The other day I came across a quote by acclaimed travel writer Paul Theroux. The author of “The Mosquito Coast” said, “Travel is glamorous only in retrospect.”
There was a time — when I first embarked on my career as a travel writer — that I would have violently disagreed with his premise. When the dew was freshly on the rose, I loved everything about setting off on a new adventure: the planning, the anticipation, the research, even the packing and, believe it or not, the getting there.
However, after 26 years traveling the globe, I can sort of see Theroux’s point.
Don’t get me wrong; I still absolutely love the destinations. It’s everything else that must be endured (yes, that’s the right word) in order to get to those destinations.
When my editor asked me to consider an article on tips for the holiday travel season, I practically laughed in her face. Not because it’s a bad idea; it’s just that I break nearly every rule the travel experts throw out there. In fact, many of my readers could probably give me tips.
She next suggested that I just talk about how travel has changed over the more than two decades I’ve been doing this, and offer any possible nuggets of advice. So, here goes.
To research or not to research
If you are traveling this holiday season (or any other time), I’m assuming you’ve already picked your destination. This brings up the question: Just how much advance planning needs to be done to ensure that you get the most from that destination?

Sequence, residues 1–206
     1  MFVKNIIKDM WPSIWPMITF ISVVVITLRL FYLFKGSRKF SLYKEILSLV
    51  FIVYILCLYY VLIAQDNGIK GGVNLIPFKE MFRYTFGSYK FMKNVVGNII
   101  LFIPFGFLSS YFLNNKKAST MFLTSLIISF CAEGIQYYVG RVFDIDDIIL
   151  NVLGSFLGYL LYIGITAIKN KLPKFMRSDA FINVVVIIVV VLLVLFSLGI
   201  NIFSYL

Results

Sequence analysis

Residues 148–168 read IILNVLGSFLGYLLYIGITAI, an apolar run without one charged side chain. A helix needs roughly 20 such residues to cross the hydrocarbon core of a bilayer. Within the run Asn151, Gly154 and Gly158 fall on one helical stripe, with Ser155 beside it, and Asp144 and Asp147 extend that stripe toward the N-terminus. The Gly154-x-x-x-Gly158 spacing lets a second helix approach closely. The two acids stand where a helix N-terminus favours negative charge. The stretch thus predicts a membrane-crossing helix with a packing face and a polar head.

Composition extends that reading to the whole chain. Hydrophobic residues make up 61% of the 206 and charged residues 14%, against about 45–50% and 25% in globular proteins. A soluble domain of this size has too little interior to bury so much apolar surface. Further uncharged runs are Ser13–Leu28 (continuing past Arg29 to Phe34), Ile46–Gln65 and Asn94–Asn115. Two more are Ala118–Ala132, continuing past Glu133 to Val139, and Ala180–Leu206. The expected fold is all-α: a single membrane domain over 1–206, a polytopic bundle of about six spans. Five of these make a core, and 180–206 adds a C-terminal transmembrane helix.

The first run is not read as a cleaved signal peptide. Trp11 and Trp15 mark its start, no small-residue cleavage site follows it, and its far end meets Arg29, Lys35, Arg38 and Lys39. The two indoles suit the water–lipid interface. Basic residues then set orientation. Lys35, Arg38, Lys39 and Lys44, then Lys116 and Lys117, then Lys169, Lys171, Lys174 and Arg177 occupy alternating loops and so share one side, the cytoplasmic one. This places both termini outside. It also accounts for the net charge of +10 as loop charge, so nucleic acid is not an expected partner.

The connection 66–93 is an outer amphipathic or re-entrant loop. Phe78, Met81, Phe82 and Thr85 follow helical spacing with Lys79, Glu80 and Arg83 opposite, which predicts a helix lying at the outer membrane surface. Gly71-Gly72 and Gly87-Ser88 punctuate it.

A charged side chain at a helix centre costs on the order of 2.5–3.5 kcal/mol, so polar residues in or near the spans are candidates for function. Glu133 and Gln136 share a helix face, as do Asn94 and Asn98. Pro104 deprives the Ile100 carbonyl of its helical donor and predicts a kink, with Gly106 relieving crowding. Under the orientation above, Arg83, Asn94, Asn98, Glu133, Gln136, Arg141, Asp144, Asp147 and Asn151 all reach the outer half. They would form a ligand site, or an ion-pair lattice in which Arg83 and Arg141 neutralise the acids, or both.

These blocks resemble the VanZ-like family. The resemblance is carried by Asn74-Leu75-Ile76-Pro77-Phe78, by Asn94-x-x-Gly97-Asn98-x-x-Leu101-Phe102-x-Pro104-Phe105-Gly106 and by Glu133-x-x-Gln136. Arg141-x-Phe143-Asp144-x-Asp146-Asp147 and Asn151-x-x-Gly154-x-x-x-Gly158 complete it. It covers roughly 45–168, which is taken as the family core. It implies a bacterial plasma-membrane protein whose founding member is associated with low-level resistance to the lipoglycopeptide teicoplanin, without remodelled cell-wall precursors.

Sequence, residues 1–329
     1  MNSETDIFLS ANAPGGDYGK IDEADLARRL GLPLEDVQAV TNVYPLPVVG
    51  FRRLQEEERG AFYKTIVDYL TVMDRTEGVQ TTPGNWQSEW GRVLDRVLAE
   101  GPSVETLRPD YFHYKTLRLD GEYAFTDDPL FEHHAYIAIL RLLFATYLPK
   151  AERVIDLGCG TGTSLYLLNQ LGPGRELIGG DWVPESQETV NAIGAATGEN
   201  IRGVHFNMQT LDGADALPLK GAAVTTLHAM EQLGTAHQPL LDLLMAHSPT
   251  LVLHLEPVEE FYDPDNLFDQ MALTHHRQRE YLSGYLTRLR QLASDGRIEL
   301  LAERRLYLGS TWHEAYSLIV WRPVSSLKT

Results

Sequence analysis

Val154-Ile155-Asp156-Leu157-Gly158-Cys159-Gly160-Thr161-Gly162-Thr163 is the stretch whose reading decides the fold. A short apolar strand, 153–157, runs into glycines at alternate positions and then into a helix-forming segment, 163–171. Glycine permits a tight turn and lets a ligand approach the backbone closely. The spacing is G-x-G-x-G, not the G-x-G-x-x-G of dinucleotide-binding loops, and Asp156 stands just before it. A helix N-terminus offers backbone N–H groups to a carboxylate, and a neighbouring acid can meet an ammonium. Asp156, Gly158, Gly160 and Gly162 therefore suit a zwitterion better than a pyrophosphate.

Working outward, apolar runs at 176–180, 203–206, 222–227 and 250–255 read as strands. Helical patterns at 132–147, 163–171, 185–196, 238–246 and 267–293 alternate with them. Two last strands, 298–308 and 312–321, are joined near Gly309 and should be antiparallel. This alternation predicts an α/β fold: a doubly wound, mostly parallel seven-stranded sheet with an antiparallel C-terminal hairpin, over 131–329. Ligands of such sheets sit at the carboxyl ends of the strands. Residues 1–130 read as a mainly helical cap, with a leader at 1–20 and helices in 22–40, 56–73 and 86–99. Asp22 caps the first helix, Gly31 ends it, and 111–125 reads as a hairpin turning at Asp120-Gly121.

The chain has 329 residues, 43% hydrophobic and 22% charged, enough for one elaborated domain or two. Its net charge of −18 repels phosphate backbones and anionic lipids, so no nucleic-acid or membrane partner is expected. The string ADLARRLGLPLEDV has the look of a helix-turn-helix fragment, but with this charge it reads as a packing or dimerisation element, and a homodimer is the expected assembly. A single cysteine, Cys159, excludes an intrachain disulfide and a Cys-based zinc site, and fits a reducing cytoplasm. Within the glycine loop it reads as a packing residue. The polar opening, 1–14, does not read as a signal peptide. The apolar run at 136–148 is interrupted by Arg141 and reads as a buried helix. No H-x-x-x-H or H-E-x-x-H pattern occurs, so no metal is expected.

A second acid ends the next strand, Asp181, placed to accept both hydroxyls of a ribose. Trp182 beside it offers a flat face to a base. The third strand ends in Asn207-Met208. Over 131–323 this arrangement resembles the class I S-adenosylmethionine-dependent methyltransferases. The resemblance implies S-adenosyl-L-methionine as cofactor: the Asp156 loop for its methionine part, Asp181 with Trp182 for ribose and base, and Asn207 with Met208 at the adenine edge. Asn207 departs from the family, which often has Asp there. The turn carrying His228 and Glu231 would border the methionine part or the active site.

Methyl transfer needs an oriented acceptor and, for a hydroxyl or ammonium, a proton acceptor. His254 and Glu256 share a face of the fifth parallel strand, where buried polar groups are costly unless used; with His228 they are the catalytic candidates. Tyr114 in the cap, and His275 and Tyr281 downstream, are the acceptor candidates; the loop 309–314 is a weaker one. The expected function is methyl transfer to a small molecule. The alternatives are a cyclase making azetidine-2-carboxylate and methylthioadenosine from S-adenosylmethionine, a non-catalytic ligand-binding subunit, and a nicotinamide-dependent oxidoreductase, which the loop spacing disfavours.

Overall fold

When I first started traveling, I was obsessive about research. I read guide books and travel articles to better plan my stay, often with mixed results. At times my research proved helpful; at other times it didn’t.
On my first visit to the British Museum, for example, I allowed myself two hours. The only problem was that at the end of those two hours, I hadn’t gotten out of the Egyptian Gallery. Needless to say, I had to readjust my schedule.
Flexibility is key to any traveler’s success. My rule of thumb, whether going back to a place I know well or making a first visit, is to do a moderate amount of research, selecting a couple of not-to-be-missed experiences.
I like to save the rest of the time for wandering and seeing what the destination has to offer beyond the guide books. I’ve made some of my greatest discoveries this way — from bookstores on Paris’ Left Bank to the gem of a restaurant I stumbled into on the Athens waterfront.
If I have a weak link when it comes to travel planning, this is it. When I took my first trip out of the country at age 18, my grandmother, a buyer for an Austin, Texas, department store, took me in hand and attempted to make a packing paragon of me.
For two hours, I watched as she placed layer after layer of tissue paper between carefully selected items of clothing, and found uses for all those interior pockets in the suitcase. At the end of those two hours, my eyes were glazed over and I was practically in a trance.
I just couldn’t be bothered. And despite what all the expert packers said, I could be ready to leave the country in half an hour. Maybe that’s because I threw in such disparate items as a bathing suit and a ski jacket, a ball gown and hiking boots, operating under the logic that at least some of them would prove useful.
Today, I’m a little more discriminating, taking into consideration climate, and whether the trip will involve hiking in New Zealand or theater-going in New York. Still, I guess when it comes to packing, my tip is you have to decide whether you’re more like my grandmother or more like me.